Welcome to a new year, everyone! I’m not a big fan of the New Year’s holiday, but I wish you well, all the same.
It seems a little odd to me that people celebrate the passing of one time to the next, to celebrate having to remember to use a different year when dating every signed document. I really hate having to recreate a document just because I used the wrong year!
This is also the day of the year that many people decide to make resolutions to determine some better outcomes in their lives. According to Business Insider, 80% of such resolutions fail by the end of January. I strongly suspect the other 20% resolved to do something simple — like getting a haircut or eating some pizza. That’s the real way one sticks to a resolution. I personally hate making promises that I know I won’t be able to keep, and I treat myself as I do others in that regard. So, I make no New Year’s resolutions.
In truth: Real, significant, and lasting change does not come by neat little dates on the calendar. Instead, real changes come from taking advantage of the daily opportunities that come our way. Truly good resolutions come in the form of resolving to do something about something as it occurs. For example, instead of telling myself that I am going to lose weight this year, I tell myself at my next meal that I’m going to choose some smoked fish instead of of a burger, and I don’t worry about the rest of the year (or the month, or even the rest of the day).
There’s nothing wrong with having goals, but don’t lie to yourself by saying that you’re going to achieve them by resolving to do something for the rest of the year that you are likely to fail at keeping. It isn’t even really about making shorter-term smaller goals. It’s about deciding to do something differently at a time when an opportunity to do so has presented itself.
I’m sure that if you have read this far, you are wondering why this article is appearing in a publication devoted to libertarian philosophy and ideals.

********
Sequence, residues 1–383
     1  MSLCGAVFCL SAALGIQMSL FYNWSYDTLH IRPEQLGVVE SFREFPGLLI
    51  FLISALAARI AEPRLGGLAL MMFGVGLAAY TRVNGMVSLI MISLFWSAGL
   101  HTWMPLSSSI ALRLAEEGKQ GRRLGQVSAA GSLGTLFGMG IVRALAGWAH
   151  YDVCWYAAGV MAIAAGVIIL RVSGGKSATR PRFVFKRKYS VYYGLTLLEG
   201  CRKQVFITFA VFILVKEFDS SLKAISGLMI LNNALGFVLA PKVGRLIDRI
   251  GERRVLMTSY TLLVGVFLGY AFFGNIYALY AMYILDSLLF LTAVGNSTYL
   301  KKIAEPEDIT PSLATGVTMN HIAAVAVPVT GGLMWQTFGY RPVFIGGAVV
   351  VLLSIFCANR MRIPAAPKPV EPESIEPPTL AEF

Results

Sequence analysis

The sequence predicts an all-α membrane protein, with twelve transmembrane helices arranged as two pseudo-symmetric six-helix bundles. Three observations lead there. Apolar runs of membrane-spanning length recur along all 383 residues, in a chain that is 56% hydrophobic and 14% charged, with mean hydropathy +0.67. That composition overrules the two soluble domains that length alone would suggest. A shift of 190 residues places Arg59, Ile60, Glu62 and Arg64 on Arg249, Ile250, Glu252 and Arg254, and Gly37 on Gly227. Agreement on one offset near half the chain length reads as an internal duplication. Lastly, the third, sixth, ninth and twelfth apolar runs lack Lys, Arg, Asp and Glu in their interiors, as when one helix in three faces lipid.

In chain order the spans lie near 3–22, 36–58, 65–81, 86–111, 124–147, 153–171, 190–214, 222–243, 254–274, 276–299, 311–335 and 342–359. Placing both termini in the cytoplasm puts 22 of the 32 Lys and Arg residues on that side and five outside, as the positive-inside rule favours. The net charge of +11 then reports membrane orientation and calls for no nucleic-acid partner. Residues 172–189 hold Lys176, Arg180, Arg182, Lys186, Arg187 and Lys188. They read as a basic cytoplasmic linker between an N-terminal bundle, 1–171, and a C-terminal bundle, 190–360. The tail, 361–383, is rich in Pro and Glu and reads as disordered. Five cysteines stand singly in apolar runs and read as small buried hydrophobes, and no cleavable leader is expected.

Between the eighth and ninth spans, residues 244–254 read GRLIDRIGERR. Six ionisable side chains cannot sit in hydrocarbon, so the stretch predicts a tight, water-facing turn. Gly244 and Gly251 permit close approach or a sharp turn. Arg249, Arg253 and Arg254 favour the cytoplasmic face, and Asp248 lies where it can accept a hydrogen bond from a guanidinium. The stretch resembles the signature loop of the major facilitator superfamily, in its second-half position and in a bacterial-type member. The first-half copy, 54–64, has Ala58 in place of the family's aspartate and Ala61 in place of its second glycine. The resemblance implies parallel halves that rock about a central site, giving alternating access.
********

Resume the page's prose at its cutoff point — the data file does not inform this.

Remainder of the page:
Libertarians often complain that the world is not changing quickly enough. They complain that it seems like only a few care about reinstalling liberty into our lives and the way we govern ourselves. It can seem like a hopeless cause and, sometimes, a waste of time.
So, forget about the larger concerns. If you want to do something big, that’s wonderful, but those larger gestures aren’t a necessary focus altogether.
You don’t have to resolve that this year, you will work for a campaign to make a change. You don’t have to resolve that this year, you will write all your government representatives every week until they change their ways. When an opportunity for something comes your way, do things a little bit differently than you would have done them before.
If someone you know loses his job and is in a bind financially, perhaps you could offer something to help — even $20 is something. By doing so, you have contributed $20 less than what might have been stolen from someone else if they had to rely on public assistance.
If your government representative makes a great error in the way he votes on a particular law, make a single call or write a single email to voice your concern. You’ve spoken your mind and said your piece.
If you love to debate, that’s fine. Find people who are open to it. But for those of us who don’t seek out debates, it’s okay to mention your opinion on a particular subject when it comes up. You don’t necessarily have to back it up with a long dissertation and make everyone angry.
I have noticed that grand gestures and broken promises to oneself rarely get much accomplished in the way of making significant change. It is most typically the small things that inspire others to do more. Show other people with a small gesture that they don’t need government assistance, and others will be inspired by it. Forget about waiting around for someone to lead you into a new revolution.
It’s by focusing on the small things that you can do yourself, that really makes substantial changes as those around you become inspired by these small acts. Take advantage of opportunities as they come and don’t worry so much about the world picture of things.
Forget silly resolutions you aren’t going to keep. You become the person you want to be on a daily basis — even an hourly one. You apply that to your personal life or to your political aspirations. It doesn’t matter, as long as you apply it to those things you wish to change.
This article represents the views of the author, and not those of Being Libertarian LLC.
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